Depending on the size of your CSV import, this can take some time to complete. Be patient! Remember, you can always check on the status of an import by reviewing the Job details page of the related import job - see: Manage jobs for more information.

  1. After your import is complete, AtoM will indicate that the import has been initiated. A notification at the top of the page will also provide you with a link to the Job details page of the related import job. Alternatively, you can click the “Back” button in the button block at the bottom of the page to return to the CSV import page, or navigate elsewhere in the application.
When a CSV import has been initiated in AtoM

Warning

There is a known bug in AtoM where Events that are imported via CSV will require further manual editing post-import to make them visible in AtoM’s user interface. Please see note 7 in the following issue ticket for more information:

Prepare archival institution records for CSV import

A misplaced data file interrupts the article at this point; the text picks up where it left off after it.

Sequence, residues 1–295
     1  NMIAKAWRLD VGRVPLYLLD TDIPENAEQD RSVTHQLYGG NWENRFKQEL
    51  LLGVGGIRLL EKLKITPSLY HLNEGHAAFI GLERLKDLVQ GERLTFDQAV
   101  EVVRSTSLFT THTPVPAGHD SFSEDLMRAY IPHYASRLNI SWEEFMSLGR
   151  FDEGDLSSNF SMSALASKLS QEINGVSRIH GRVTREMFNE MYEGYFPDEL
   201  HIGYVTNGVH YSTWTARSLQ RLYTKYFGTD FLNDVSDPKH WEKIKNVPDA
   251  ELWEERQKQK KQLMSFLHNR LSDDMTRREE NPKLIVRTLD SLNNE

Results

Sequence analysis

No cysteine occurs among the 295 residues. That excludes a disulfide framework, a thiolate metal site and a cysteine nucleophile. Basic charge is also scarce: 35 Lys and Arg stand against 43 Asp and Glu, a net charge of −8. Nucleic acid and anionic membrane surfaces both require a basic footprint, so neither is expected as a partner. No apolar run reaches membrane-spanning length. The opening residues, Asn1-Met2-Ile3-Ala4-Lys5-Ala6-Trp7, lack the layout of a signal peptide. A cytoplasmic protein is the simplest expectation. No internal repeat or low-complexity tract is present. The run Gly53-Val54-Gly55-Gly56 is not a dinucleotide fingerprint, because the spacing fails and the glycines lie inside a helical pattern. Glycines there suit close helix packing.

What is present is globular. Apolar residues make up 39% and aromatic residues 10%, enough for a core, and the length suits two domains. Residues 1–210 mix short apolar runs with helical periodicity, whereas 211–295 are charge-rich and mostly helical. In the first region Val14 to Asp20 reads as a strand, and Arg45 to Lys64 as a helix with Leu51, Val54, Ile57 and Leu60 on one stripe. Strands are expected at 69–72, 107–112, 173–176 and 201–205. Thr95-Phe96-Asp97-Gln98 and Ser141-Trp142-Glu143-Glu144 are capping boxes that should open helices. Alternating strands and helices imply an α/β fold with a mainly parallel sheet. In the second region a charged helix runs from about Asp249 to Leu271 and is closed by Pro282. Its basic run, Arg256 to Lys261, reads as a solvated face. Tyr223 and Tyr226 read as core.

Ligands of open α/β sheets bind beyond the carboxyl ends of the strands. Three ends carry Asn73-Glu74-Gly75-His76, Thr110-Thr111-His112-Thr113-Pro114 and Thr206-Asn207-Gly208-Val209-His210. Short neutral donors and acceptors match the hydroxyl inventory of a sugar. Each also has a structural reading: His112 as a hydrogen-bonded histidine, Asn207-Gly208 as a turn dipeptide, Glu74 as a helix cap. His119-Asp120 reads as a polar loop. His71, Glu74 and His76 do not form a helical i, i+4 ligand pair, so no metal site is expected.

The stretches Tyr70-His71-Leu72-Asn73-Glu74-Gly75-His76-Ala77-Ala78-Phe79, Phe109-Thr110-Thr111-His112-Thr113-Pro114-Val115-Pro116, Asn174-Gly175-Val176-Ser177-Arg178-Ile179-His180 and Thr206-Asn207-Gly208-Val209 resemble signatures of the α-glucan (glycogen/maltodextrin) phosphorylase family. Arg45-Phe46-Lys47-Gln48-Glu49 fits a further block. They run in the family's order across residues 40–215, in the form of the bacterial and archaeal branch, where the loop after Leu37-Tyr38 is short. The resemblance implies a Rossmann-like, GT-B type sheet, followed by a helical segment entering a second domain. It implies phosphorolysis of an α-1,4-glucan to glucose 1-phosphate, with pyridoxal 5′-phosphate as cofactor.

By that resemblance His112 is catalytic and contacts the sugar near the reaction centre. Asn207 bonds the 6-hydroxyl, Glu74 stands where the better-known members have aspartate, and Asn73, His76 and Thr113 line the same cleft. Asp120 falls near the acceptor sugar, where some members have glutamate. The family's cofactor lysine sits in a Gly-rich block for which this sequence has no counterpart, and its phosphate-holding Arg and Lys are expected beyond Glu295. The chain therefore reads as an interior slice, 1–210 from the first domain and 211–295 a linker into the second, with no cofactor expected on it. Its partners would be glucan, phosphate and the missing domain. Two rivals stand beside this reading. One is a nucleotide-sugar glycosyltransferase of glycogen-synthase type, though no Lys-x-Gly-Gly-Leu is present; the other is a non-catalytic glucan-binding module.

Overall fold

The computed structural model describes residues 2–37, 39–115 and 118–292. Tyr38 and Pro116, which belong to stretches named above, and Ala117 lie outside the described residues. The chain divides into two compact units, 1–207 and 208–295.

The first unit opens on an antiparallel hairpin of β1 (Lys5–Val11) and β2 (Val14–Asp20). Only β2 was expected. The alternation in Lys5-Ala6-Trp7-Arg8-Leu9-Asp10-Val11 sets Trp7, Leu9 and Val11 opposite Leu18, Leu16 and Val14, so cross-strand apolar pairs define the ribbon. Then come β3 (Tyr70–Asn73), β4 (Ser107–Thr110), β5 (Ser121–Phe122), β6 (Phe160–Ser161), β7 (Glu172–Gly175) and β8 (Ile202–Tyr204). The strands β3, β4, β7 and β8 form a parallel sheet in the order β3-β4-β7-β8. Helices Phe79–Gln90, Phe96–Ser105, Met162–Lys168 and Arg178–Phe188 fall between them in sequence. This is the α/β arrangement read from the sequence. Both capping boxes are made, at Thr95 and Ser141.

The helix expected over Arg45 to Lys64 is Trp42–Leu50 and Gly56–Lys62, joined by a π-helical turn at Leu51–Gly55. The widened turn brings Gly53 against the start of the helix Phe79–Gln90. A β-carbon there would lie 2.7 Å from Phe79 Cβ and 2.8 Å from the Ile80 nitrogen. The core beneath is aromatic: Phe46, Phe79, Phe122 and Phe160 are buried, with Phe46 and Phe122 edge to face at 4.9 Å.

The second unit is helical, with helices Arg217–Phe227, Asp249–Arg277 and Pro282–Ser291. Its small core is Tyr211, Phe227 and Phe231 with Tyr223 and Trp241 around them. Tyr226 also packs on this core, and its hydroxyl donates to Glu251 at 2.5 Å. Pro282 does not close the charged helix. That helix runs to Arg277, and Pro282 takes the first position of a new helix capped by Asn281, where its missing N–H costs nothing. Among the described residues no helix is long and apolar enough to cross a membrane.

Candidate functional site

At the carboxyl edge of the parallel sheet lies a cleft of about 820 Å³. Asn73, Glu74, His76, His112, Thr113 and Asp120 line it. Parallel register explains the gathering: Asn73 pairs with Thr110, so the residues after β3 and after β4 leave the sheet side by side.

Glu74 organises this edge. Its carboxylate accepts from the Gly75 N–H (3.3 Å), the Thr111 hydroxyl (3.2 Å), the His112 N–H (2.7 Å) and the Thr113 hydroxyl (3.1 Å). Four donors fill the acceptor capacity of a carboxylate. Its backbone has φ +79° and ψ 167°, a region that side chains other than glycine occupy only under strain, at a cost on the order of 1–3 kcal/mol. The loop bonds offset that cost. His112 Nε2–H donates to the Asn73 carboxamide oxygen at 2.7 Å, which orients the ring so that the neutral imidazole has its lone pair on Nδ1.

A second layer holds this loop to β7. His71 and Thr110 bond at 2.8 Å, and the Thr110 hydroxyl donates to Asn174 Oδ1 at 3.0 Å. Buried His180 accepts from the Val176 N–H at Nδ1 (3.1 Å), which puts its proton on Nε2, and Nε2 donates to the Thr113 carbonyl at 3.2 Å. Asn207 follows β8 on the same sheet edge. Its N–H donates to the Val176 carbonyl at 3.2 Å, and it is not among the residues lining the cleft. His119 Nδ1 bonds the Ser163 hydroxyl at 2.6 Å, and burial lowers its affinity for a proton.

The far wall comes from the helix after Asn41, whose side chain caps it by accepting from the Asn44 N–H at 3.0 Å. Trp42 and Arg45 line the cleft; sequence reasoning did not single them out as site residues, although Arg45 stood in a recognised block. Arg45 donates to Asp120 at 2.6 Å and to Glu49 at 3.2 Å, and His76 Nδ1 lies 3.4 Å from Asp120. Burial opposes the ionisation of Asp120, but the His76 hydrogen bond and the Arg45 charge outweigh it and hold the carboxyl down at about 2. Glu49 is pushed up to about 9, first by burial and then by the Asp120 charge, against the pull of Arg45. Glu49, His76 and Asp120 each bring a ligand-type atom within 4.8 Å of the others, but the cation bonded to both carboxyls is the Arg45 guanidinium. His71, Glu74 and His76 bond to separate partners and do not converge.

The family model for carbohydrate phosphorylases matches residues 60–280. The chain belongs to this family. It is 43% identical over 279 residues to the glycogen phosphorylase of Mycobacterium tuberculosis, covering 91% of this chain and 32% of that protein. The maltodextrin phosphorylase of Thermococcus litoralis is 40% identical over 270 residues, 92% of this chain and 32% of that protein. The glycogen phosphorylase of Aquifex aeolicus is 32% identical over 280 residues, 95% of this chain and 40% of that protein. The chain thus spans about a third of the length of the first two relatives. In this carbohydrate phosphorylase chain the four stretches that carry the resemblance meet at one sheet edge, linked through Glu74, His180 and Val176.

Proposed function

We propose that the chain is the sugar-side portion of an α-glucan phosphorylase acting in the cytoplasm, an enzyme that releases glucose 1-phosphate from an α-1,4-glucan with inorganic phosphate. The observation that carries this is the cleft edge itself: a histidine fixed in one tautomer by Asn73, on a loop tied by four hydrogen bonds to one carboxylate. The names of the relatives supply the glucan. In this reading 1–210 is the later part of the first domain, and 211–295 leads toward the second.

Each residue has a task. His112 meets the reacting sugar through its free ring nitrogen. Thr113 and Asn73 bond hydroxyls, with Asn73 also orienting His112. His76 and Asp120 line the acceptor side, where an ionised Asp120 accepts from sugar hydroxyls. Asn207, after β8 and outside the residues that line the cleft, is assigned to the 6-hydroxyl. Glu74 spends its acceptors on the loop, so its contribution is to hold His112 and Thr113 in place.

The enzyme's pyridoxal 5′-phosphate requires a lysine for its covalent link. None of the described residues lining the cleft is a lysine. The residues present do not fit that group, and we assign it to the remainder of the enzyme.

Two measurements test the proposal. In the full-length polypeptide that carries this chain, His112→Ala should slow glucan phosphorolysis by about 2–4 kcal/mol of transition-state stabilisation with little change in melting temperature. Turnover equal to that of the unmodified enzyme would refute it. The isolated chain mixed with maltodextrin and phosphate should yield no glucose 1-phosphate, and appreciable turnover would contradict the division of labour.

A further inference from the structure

You can import repositories (i.e. archival institutions into AtoM as well. At this time, there is not support for importing all repository record data fields into AtoM. However, most fields are supported.

Find the example CSV import template here:

Repository CSV columns

The legacyID column is a required field, used only internally. Add a unique numeric value to this column. The legacyID can be used to assist in matching multiple CSV import types. Further information is provided in the section on legacy ID mapping above - see: Legacy ID mapping: dealing with hierarchical data in a CSV.

The uploadLimit column allows a user to set a default upload limit for a repository at the time of import. This value should be a number, representing Gigabytes. For more information on the use of respository upload limits in AtoM, see: Set digital object upload limit for an archival institution.

The types column relates to the institution type found in the Identity information area of the archival institution edit page. It is linked to the “Repository Types” taxonomy in AtoM, which comes pre-populated with 22 terms. New terms added via the CSV import will be created successfully and be added to the Repository Types taxonomy. You can add multiple terms by using the | pipe character between them, like so:

Arts Organization|Community